An Analysis of the Overlooked Value of Greatness


  • Brandon Beesley Capital University



Greatness is a prevalent topic within philosophy of which many interpretations are offered, ranging from Aristotle's virtue-driven megalopsychos to Nietzsche’s power-hungry übermensch. Humanity’s persisting interest in the idea of greatness is undeniable– the desire for achievement can become obsessive, overwhelming and, for many, anxiety inducing. While there have been innumerable attempts to explain what greatness is, there is little to no scholarship on why we burden ourselves with the pursuit of greatness, consequently and uncharacteristically placing ourselves in a position of angst and vulnerability. The risk of failure and embarrassment loom menacingly behind displays of ambition, seemingly incompatible with the visceral desire for achievement many of us find so familiar.

This paper attempts to primarily fill this absence and explore greatness’ value (why we feel the need to strive) while simultaneously remedying errors in prevalent philosophical concepts of greatness. Ideally, an understanding of greatness and its value will offer solace and encouragement for those facing the anxiety and detriment that is all too often concomitant with the human desire for achievement. A coherent conception of greatness and its value will perhaps create an entry point to easing the variety of stresses and pressures that come with the pursuit of greatness. To accomplish this, the paper introduces multiple perspectives from prominent philosophers both of old (Plato, Aristotle, Saint Thomas Aquinas) and more contemporary (Nietzsche, Amy Allen, Virginia Held) through a critical lens. Using relatable, real-world examples that promote interaction from a wide readership, a logical analysis and structural critique of each philosophy is conducted. Finally, a concept is offered that finds both power and virtue are critical, even intrinsic, characteristics of greatness and its value.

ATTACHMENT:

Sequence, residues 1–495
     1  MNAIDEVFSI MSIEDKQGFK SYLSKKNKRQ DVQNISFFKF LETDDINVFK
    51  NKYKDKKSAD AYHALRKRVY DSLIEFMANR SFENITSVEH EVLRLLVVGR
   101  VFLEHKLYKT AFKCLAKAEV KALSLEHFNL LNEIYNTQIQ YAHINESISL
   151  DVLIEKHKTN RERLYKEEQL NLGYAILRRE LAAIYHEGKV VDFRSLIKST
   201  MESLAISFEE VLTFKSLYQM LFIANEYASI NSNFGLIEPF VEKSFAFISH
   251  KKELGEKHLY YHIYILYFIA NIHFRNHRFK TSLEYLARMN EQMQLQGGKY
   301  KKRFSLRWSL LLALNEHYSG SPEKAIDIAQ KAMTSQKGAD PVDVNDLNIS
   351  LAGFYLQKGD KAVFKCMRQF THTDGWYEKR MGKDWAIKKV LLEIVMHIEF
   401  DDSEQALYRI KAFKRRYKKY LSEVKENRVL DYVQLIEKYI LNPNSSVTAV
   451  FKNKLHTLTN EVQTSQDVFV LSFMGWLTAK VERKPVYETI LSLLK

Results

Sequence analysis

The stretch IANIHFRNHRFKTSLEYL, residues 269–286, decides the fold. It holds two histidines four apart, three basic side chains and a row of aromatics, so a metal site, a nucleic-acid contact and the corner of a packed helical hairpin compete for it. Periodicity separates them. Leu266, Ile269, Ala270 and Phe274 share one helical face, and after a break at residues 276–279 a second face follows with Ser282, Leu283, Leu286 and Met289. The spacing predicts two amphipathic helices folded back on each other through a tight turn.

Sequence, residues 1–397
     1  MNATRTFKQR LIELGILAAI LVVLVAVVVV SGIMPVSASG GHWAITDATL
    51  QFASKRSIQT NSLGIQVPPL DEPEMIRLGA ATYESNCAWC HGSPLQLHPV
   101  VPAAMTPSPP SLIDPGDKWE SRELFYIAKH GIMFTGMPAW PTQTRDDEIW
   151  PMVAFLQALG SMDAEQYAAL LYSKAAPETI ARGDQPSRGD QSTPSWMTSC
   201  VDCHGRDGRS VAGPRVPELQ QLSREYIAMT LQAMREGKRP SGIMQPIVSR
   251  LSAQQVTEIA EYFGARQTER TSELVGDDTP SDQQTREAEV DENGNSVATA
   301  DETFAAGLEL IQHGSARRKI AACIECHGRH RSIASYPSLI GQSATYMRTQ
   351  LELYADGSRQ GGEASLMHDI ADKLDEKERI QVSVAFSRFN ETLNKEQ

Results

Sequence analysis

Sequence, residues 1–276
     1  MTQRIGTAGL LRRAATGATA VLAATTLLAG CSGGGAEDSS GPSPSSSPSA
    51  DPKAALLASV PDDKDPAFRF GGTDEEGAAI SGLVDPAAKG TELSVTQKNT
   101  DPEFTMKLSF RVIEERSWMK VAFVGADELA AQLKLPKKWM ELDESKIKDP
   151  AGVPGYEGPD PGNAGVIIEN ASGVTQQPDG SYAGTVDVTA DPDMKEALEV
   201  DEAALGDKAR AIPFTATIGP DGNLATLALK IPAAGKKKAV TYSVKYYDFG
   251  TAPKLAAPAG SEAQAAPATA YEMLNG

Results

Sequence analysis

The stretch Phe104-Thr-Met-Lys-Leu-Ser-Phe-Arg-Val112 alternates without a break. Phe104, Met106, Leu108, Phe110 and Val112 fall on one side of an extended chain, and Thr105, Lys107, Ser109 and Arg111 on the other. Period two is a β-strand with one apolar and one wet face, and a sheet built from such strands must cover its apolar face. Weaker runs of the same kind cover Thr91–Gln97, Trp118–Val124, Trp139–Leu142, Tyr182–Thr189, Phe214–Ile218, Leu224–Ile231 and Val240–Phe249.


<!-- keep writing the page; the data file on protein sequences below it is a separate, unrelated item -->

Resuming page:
How to Cite

Beesley, Brandon. 2023. “An Analysis of the Overlooked Value of Greatness”. Dianoia: The Undergraduate Philosophy Journal of Boston College, no. X (April):57-69.